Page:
What is the photography term for blurred / dragged lights? Hare are two quick examples from my phone:
Would this be considered bokeh, or does a term even exist for this?
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Would this be considered bokeh or does a term even exist for this?
I agree with Romeo Ninov's comment: this is plain old motion blur. You could call it "light trails" to make it clear that it's something you're doing on purpose, but photos of light trails are generally created by having the lights move rather than the camera.
Bokeh refers to the way objects (often lights) are blurred by the lens when they're out of focus; it looks like the lights in your images are reasonably in focus (the trails are fairly sharp), but blurred due to the camera moving.
I would go with "motion blur trails", or "motion blur light trails".
Light trails in general are the lines produced when an object moves during a long exposure — see How to shoot light trail photos with iPhone? and also When should you use a normal flash vs a second-curtain flash?
In this case, of course, the object that moves is the camera, which from a relative point of view is basically the same as holding the camera very still and shaking the world. If it's important to distinguish, you could say camera movement light trails.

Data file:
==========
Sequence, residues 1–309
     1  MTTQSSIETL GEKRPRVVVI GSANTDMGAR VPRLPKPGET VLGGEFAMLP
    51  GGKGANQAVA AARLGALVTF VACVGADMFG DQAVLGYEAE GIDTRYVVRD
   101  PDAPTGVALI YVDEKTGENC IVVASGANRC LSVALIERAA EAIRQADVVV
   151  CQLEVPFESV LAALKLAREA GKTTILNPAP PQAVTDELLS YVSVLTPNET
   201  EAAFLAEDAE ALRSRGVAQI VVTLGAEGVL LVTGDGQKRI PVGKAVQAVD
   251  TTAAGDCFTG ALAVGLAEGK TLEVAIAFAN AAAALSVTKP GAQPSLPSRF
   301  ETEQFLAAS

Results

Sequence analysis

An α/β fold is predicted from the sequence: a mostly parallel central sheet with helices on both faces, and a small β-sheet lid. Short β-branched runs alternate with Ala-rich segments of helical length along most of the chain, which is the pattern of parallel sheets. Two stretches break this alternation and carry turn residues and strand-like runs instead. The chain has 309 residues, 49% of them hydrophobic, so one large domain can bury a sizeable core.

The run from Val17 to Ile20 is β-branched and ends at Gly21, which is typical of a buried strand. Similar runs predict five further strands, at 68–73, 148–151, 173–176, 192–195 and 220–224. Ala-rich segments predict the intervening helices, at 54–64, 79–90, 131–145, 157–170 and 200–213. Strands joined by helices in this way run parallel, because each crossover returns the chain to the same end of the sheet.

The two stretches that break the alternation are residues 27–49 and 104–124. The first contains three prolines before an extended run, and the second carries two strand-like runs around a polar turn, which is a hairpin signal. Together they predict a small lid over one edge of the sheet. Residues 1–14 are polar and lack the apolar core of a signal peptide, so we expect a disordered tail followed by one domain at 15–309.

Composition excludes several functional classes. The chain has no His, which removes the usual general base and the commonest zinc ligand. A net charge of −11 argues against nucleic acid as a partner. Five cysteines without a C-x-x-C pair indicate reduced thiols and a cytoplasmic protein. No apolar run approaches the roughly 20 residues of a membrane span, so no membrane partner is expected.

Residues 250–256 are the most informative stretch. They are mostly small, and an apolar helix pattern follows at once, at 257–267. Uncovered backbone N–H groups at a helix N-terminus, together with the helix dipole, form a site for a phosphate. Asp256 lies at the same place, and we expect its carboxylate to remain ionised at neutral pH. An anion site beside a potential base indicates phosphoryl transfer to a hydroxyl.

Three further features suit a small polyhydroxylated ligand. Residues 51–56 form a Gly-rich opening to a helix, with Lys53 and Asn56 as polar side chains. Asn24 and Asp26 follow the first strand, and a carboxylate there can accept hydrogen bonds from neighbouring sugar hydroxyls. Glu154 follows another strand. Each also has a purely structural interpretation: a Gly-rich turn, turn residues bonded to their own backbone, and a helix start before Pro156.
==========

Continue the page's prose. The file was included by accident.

Sometimes, rather than photographing something like cars with headlights at night, light trails are made by intentionally moving light sources during the exposure — this is called "light painting", and here you're moving the camera during the exposure for a similar effect, so you could also consider this a subset of that. (It's even given as an example in this answer.) In your examples, the exact pattern in which you moved the camera is shown in the trail of the lights — a horseshoe shape in the first example, and an inverted-L shape in the second.
It's not "bokeh", which isn't a general word for blur (or even the blurry light discs that it is often associated with). See What is bokeh, exactly? for both technical description and a diagram I drew showing the relationship between different kinds of blur.